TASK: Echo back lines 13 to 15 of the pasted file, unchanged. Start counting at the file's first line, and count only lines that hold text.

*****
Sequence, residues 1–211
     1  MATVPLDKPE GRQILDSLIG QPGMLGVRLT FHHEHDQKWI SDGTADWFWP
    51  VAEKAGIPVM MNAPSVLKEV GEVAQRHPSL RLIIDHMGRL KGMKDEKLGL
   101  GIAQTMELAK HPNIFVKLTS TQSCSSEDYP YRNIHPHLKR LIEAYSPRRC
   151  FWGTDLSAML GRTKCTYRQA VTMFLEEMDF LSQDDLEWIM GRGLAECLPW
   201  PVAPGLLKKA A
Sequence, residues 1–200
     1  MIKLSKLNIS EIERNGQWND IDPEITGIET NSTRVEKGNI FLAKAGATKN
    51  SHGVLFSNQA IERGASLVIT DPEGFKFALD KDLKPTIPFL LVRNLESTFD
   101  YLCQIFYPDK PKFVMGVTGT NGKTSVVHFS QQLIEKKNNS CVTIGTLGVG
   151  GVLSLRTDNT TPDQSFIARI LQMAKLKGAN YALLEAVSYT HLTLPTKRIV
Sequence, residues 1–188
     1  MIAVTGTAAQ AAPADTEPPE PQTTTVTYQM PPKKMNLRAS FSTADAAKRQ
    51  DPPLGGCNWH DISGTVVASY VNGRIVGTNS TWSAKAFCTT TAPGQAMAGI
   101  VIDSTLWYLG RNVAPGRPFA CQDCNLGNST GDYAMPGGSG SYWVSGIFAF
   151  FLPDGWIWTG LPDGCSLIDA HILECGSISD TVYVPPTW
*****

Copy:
     1  MIAVTGTAAQ AAPADTEPPE PQTTTVTYQM PPKKMNLRAS FSTADAAKRQ
    51  DPPLGGCNWH DISGTVVASY VNGRIVGTNS TWSAKAFCTT TAPGQAMAGI
   101  VIDSTLWYLG RNVAPGRPFA CQDCNLGNST GDYAMPGGSG SYWVSGIFAF